With new Pilates-style workouts popping up around every major city, it’s not surprising that over nine million Americans practice Pilates in the United States alone. While you may not think this method is for you, Pilates-style workouts can actually do wonders for your efforts in the gym.
But if you’ve avoided Pilates classes because you thought it wouldn’t challenge you like a session in the weight room, think again. “It [is] a very humbling experience,” says Antonia De Santis, who was a certified spin instructor, kickboxing instructor, weight-lifting lover, and personal trainer prior to signing up for teacher training at the super trendy Lagree Studios. “It’s like starting over. [Lagree] is one of the most challenging workouts I’ve ever done.”
Although similar to traditional Pilates, Lagree workouts take the muscle exertion to the next level. By using the Megaformer, Lagree classes take you through a series of weighted resistance movements that work not just your core, but likely many muscles you didn’t know you had. And if you’re still not convinced, here’s a few more reasons why you should consider making it a complementary regime to your weight training program.
What Are the Benefits of Pilates-style Workouts?
It’s efficient. Pilates is a full-body workout and usually classes are under an hour. Not only is it time efficient, but you’ll rest assured knowing you’ve worked every muscle.
Builds pain tolerance for your other workouts. The micro-movements of Pilates-style workouts (such as Lagree) aim to bring your muscles to exertion and create what can be called “the shakes.” Once you feel this type of burn, nothing else compares. “If I can get through that, I can get through the burn of any of my other workouts,” says Antonia.
Pilates is a workout for the mind and body. There are a lot of moving parts when it comes to using a Pilates reformer or other similar machines. Quickly switching positions on the carriage and working the different moving parts of this machine will constantly keep you engaged and improve your coordination for your other workouts.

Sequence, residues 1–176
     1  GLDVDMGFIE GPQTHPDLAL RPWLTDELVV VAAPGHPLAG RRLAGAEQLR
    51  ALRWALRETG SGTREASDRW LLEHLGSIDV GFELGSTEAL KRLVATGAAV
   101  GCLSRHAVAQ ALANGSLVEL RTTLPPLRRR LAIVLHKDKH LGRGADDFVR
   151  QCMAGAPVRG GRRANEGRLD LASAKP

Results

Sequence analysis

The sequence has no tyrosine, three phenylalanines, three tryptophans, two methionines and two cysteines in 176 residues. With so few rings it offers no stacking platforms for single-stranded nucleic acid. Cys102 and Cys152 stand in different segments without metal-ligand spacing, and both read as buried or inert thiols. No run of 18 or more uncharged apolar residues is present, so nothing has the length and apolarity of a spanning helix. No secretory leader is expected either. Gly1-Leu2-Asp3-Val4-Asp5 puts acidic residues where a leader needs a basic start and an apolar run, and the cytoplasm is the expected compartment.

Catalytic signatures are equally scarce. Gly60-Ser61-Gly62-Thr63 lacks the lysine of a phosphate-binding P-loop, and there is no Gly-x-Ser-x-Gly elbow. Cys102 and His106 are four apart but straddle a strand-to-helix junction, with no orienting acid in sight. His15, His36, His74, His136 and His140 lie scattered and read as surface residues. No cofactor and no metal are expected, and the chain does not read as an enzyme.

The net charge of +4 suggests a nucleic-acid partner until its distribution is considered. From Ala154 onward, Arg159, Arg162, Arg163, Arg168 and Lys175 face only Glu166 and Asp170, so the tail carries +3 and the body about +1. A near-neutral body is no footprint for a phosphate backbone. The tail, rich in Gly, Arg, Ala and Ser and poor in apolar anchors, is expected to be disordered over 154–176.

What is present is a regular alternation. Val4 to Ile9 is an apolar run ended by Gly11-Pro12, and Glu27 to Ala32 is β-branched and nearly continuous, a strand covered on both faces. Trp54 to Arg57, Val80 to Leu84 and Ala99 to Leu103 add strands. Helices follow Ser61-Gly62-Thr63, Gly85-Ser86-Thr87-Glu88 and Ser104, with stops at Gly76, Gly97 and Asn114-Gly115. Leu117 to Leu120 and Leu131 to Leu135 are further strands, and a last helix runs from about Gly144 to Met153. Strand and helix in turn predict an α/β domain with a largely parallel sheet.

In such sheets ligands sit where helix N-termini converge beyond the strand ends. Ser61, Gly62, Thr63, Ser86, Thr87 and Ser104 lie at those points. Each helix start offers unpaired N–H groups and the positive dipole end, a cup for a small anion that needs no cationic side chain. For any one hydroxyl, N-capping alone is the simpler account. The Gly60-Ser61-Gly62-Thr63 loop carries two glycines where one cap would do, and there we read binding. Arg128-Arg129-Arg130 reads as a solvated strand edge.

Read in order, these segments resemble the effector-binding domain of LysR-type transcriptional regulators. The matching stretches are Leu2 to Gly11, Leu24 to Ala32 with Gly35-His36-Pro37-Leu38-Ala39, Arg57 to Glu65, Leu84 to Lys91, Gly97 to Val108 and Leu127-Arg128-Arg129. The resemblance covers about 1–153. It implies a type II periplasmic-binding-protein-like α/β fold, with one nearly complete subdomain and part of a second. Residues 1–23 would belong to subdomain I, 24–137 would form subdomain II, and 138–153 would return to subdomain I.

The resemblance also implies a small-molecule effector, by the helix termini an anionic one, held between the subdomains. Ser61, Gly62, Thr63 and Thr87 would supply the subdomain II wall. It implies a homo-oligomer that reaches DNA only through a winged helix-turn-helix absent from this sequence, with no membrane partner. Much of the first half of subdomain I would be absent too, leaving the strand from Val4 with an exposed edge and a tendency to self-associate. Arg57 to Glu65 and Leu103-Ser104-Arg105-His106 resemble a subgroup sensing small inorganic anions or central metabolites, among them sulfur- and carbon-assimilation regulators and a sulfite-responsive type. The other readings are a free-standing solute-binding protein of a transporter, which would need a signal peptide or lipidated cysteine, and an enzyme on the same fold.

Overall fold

Strengthens your core. A stronger core will improve your stability and protect your back during heavy lifting. While doing biceps, squats, and any exercise on the reformer, your core is consistently challenged. “I’ve gotten more ripped, honestly,” says Antonia, “because my muscles are under constant tension.”
Betters posture and form. Working on walking with your shoulders back or keeping your spine aligned during your deadlifts? “[Pilates] makes you more aware of your body,” says Antonia. “It helps you lengthen everything.”
Increases your flexibility. During strength training, we shorten and tighten our muscles. Improving your flexibility will only help your mobility during heavy lifting.
How to Crosstrain with Pilates
Pilates classes are a full-body workout. The micro-movements and burnouts make for the perfect complement to your heavy lifting. Although giving up one of your traditional strength training sessions for a Pilates class may sound counterproductive, your improved core, flexibility, and posture will thank you for it.
So how much is enough to get a benefit? Antonia suggests a maximum of 2-3 classes a week, ideally. “I wouldn’t do them back-to-back because you will be sore,” she advises, adding that you might consider taking it easy the following day. “Truthfully, I wouldn’t do any heavy lifting the next day. Maybe the next day is a good cardio day.”
For those fighting to find time, incorporating Pilates movements at the end of your workout that target the day’s muscle group is a great place to start. The fine toning combined with core and flexibility training is the perfect finisher.
It’s important to remember that Pilates does not equal rest day. Don’t underestimate how demanding Pilates is on your muscles (especially when using a reformer). Do not overtrain your muscles.
Sprinkling in a couple Pilates sessions with your strength training will only make you stronger, so why not do it?
“I started getting definition that I never knew I could get,” says Antonia. “I had never gotten it in the gym, and that excites me.”